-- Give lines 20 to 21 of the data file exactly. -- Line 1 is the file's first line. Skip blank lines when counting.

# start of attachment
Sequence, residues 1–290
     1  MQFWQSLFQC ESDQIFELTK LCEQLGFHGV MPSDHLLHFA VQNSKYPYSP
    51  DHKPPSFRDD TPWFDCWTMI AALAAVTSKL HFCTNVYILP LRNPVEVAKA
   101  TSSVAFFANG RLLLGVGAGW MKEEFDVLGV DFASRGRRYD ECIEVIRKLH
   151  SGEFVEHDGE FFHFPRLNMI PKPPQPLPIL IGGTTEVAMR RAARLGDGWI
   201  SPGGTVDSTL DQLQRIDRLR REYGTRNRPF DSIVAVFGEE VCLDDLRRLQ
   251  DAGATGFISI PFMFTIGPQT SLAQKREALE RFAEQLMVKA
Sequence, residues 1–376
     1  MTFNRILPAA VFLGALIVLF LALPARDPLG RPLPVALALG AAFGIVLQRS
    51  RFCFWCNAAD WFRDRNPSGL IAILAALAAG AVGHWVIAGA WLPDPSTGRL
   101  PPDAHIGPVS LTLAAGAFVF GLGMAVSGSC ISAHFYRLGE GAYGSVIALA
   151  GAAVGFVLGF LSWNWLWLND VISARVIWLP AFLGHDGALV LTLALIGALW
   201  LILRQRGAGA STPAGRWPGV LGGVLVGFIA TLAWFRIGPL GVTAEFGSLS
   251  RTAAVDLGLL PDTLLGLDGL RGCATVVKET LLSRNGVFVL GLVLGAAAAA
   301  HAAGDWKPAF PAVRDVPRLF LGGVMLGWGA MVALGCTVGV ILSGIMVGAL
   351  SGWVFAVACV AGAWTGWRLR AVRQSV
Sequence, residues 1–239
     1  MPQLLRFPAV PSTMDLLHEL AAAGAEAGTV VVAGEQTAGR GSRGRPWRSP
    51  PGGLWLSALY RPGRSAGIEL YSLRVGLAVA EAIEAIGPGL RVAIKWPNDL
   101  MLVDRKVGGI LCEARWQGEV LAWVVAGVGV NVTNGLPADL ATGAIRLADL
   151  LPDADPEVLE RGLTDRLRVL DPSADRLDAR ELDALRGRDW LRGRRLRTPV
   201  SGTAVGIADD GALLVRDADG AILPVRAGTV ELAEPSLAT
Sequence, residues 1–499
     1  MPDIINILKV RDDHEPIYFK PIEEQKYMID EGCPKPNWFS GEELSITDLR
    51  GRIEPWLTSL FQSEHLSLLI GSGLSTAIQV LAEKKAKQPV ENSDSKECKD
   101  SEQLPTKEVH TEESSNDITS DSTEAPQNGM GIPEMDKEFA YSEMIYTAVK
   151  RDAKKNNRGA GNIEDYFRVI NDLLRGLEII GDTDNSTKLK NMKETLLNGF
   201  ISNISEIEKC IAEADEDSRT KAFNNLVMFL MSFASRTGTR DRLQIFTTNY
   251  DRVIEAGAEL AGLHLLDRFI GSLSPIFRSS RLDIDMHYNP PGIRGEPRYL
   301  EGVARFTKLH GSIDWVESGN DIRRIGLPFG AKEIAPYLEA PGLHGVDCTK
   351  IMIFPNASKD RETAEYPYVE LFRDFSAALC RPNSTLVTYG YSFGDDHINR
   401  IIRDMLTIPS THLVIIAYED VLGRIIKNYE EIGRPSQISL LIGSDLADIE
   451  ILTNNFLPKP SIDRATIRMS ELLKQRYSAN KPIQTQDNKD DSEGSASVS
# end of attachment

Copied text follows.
   101  MLVDRKVGGI LCEARWQGEV LAWVVAGVGV NVTNGLPADL ATGAIRLADL
   151  LPDADPEVLE RGLTDRLRVL DPSADRLDAR ELDALRGRDW LRGRRLRTPV